What’s the best camera tripod for backpacking?
Where can I find a good digital-camera tripod that's lightweight enough for backpacking? Crystal Tacoma, Washington
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Nothing special about a tripod for digital cameras—any decent tripod for a film camera will do the trick. The question is: How light, and how expensive?
Myself, I’m a big fan of Bogen tripods, which are well-made and well-designed. Case in point: The Bogen/Manfrotto (they sell under both names) Compact Digi Tripod with a ball-tilt head. It is a cute, cute, cute little tripod that can hold up to 5.5 pounds (it’s designed for compact digital and film cameras) and collapses down to about 13 inches, while extending to nearly four feet. Its 2.2-pound weight’s not bad, either. The list price is $127 (www.bogenimaging.us), but as is so often the case in the mysterious world of camera pricing, street price is usually $40 to $50 less.
Gitzo, a French tripod maker, makes a heavier-duty tripod with carbon fiber, enabling it to support up to ten pounds if that’s what you need. It’s called the Mountaineer Carbon Fiber Tripod (www.gitzo.com), and weighs about 2.75 pounds. Alas, it’s pricey—$450 at most camera retailers. And you have to buy a head for the thing, which will add another $65 to $100, depending on the model. One nice tripod, though!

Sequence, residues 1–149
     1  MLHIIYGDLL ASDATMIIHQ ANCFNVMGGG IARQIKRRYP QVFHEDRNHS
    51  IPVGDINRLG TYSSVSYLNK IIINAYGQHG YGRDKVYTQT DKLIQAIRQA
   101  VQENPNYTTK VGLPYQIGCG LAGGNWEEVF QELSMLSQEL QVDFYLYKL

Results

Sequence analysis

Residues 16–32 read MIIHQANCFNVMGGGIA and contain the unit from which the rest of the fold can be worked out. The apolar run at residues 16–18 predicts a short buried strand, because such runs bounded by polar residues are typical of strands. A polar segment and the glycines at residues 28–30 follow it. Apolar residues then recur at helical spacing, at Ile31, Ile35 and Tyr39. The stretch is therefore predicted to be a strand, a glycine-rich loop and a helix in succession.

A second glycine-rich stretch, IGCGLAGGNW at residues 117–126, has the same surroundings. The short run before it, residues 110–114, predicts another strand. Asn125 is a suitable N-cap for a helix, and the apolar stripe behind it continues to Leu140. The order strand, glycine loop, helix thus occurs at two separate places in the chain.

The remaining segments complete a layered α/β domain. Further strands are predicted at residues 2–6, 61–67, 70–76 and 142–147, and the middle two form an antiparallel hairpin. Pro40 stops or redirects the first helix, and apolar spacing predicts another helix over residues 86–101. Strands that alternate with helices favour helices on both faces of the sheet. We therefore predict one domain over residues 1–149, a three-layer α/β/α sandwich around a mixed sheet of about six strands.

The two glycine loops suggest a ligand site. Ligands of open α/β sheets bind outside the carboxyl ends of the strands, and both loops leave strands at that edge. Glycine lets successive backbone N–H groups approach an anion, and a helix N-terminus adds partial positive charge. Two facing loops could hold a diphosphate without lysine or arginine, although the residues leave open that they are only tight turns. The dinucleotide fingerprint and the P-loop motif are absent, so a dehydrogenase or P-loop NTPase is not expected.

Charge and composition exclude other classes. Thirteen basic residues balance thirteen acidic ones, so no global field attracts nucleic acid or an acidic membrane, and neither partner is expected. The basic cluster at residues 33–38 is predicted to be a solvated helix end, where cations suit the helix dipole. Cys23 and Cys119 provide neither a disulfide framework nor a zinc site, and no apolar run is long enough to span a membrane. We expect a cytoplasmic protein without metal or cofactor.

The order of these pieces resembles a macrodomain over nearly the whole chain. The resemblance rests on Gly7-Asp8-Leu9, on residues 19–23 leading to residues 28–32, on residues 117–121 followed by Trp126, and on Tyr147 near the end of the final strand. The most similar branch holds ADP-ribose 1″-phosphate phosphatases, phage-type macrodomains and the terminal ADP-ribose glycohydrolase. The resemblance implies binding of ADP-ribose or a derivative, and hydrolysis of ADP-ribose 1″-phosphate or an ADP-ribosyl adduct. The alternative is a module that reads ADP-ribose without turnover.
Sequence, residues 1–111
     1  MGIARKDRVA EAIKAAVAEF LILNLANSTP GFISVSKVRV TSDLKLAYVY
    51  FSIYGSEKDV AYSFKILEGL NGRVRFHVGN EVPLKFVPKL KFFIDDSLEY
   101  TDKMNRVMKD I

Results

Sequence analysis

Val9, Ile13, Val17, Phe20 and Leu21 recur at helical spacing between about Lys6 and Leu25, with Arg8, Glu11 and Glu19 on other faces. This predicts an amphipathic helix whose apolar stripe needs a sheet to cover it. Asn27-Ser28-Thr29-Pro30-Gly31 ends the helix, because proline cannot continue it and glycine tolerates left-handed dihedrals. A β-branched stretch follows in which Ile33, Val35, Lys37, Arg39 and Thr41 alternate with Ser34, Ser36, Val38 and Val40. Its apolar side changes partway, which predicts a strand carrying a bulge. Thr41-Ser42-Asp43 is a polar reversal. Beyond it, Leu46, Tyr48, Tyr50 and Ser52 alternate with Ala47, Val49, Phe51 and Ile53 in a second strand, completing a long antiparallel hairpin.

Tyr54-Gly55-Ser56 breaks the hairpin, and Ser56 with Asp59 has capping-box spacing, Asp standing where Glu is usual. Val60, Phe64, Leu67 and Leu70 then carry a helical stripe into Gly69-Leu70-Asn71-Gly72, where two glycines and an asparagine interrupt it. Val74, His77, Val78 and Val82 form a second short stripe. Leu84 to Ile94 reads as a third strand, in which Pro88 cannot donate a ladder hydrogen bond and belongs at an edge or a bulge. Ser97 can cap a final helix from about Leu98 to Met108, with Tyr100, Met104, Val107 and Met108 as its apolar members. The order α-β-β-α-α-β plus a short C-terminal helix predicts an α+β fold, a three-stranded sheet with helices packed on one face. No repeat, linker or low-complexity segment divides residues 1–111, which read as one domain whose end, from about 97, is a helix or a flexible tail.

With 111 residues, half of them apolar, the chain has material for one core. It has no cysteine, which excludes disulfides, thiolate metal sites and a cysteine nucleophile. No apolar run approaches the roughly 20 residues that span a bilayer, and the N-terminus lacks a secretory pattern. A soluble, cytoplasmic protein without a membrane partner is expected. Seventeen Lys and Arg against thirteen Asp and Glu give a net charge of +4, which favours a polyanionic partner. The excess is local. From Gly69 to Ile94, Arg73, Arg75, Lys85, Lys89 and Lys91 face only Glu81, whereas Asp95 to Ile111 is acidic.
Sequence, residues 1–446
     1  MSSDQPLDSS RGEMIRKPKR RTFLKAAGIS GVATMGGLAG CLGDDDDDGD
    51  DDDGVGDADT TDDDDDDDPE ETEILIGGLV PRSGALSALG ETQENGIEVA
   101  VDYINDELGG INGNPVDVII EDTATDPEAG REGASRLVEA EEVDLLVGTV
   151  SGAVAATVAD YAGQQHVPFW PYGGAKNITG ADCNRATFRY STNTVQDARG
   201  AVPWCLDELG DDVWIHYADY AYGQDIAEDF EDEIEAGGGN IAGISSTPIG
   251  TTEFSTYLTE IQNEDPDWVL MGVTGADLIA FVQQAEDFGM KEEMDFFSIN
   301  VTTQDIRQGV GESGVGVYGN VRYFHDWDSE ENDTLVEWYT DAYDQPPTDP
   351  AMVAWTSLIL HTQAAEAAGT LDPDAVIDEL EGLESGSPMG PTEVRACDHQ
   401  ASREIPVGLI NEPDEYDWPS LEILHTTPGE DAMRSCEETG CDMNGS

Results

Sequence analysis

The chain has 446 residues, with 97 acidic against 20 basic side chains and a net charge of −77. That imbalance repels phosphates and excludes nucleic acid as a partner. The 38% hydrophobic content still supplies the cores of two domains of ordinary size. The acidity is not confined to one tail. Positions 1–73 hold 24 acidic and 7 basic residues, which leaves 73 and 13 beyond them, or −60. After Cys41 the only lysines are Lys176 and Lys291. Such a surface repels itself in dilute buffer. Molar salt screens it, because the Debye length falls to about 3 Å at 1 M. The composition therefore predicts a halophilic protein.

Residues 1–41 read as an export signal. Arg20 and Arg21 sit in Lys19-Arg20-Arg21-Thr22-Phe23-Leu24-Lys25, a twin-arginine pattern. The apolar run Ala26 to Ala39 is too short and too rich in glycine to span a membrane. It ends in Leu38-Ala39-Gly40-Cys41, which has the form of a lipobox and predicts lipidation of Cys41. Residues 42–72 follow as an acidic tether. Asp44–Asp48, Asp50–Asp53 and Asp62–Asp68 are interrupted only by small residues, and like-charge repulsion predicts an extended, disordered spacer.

If you want to shoot ground-level close-ups of flowers and the like, another good choice is the Benbo Mini Trekker ($75). It has a center column that pivots downward, allowing you to support the camera literally at ground level. It doesn’t, however, extend that high for other shots (only 28 inches). Or, try a Benbo Monopod ($35). Often a single leg of support provides all the steadiness you need, and at 21 ounces it’s a lightweight option.
Finally, there’s this: The UltraClamp mounting bracket ($24; www.rei.com). It’s a camera support that clamps to just about anything—car windows, trekking poles, you name it. Not as convenient as a tripod, but its compact size and half-pound weight certainly makes it worth a look.
For more reviews of the year’s best cameras and accessories, check out Outside‘s 2004 Buyer’s Guide.